Music offers audiences transport to myriad places through diverse means. Houston Symphony’s program, starring John Corigliano’s Conjurer: Concerto for percussionist and string orchestra and Maurice Ravel’s Daphnis et Chloé, crept through mists and emerged brilliantly at each work’s end. 

Fabien Gabel © Gaetan Bernard
Fabien Gabel
© Gaetan Bernard

With five works on the program, it made for a busy evening of moving between worlds. Houston Symphony is in the midst of celebrating Leonard Bernstein’s centennial and opened the program with a perfunctory but surprisingly brisk-paced performance of his overture to Candide. Duty to Bernstein out of the way, percussionist Colin Currie alighted the stage for an inspired encounter with Corigliano’s Conjurer. The name of the concerto is apt. Three movements follow an instrumental progression through wood, metal and skin. Each opens with the kind of cadenza that makes its soloist bend and quake. Percussion instruments line the stage from left to right – xylophones, gongs, African talking drums, timpani and beyond. Beginning on stage left, surrounded by wood, Currie began his own progression through human emotion, grinning, frowning, softly gazing as if he could see sounds floating out from the instruments he struck.

Jacques Ibert’s swelling Escales (Ports of Call) shouldn’t complement the penetrating timbre of Corigliano’s Conjurer, making it all the more delightful when it did by calling attention to a uniform impression of experience. The work often sounds like a painting from the early 20th century, a strange synesthesia between visual and aural beauty, softening lines to give the overall gist of a thing rather than the thing itself.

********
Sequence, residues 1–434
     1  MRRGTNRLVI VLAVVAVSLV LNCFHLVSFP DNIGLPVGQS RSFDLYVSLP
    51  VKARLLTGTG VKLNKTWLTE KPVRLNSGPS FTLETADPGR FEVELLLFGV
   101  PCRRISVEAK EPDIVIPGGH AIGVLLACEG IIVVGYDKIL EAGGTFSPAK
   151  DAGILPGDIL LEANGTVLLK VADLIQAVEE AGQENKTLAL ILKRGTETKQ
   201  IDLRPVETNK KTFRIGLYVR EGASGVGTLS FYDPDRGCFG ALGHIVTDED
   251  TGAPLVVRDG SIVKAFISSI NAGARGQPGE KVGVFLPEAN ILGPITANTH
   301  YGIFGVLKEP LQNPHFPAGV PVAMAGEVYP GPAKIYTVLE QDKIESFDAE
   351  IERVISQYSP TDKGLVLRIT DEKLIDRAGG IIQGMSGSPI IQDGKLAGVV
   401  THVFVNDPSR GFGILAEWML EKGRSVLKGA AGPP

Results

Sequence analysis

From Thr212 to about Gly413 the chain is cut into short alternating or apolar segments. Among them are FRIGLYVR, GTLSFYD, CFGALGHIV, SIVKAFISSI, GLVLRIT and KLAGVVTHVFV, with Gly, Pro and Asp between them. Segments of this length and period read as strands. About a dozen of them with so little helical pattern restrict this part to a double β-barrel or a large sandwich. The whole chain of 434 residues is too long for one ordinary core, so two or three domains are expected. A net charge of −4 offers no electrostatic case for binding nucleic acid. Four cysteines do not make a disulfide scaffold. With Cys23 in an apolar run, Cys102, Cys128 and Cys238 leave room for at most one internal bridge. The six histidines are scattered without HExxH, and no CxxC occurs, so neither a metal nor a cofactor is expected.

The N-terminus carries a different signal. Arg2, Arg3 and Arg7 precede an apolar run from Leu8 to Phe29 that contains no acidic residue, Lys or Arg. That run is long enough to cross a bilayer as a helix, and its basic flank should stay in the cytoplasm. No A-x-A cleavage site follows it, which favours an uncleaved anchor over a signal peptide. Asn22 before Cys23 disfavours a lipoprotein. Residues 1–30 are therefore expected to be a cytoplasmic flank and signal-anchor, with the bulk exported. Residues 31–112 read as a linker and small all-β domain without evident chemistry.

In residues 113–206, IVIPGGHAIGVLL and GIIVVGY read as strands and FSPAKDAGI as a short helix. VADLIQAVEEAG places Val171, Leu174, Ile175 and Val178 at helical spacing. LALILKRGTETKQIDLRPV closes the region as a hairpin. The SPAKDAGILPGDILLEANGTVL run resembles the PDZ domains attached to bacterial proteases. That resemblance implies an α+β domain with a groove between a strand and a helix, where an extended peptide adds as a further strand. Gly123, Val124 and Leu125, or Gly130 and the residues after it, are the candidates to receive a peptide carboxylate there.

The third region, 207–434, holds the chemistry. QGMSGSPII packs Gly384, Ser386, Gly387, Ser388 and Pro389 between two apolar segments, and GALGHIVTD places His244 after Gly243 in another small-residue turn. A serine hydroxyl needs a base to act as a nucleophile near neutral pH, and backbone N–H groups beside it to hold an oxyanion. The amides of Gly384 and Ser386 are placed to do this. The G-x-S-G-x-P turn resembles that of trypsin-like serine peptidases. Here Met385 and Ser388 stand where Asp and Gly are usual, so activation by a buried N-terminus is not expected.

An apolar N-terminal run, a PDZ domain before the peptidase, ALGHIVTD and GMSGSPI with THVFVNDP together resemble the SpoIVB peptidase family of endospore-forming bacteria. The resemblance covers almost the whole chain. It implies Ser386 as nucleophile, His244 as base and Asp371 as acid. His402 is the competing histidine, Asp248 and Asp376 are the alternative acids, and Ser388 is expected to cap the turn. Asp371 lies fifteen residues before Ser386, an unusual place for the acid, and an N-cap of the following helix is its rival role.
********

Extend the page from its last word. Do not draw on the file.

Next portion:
By the time Louis Aubert’s Habanera arrived, knowing the Ravel was still to come, the program felt overcrowded. But within the first few measures, when violist Joan DerHovsepian played a glowing, crooning solo, it redeemed its place on the program and set the scene for Ravel to submerge the night into the mist once more.

When thinking of ballet at the turn of the century, the name that most readily comes to mind is Stravinsky, who shocked the world with his Rite of Spring in 1913. Ravel met Stravinsky in 1909, the same year that Diaghilev commissioned Daphnis et Chloé for the Ballet Russes, and the two became collaborators who, among other things, shared works-in-progress with each other. But listeners will be hard pressed to hear any of Stravinsky in Daphnis et Chloé, which begins floating as if in a dream, slowly emerging into lush melody and building to a resplendent glow.

Pressing his weight into the podium and closing his eyes with feeling, conductor Fabien Gabel looked to be waiting for this last piece. After cutting a fast tempo in the Bernstein (it was exciting, no doubt about it) and expertly supporting Currie as he traversed Corigliano’s formidable but beautiful concerto, Gabel stepped into his own spotlight. He is an unambiguous conductor, his gestures straightforward and to the point, but he rocked on his toes as the strings and winds rolled up and down melodies, and he stretched from toe to fingertip when the brass punched through the haze brightly. When the last note faded away, he smiled widely, as if to celebrate captaining the program’s successful voyage into the mist – and back out.

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